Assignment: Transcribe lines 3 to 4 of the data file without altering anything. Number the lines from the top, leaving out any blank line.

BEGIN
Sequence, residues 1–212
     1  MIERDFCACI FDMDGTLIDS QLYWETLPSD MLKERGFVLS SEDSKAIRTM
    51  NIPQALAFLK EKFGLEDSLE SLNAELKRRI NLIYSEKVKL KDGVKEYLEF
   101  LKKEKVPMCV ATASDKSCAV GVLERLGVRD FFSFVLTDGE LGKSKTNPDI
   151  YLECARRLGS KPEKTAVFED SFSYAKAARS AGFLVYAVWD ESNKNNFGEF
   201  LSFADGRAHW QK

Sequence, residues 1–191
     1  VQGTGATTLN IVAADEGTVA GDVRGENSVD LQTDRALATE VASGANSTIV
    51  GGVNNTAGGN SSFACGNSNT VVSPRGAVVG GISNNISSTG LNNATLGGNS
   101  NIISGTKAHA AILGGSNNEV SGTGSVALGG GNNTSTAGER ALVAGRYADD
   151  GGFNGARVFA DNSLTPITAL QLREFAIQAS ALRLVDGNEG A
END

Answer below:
    51  NIPQALAFLK EKFGLEDSLE SLNAELKRRI NLIYSEKVKL KDGVKEYLEF
   101  LKKEKVPMCV ATASDKSCAV GVLERLGVRD FFSFVLTDGE LGKSKTNPDI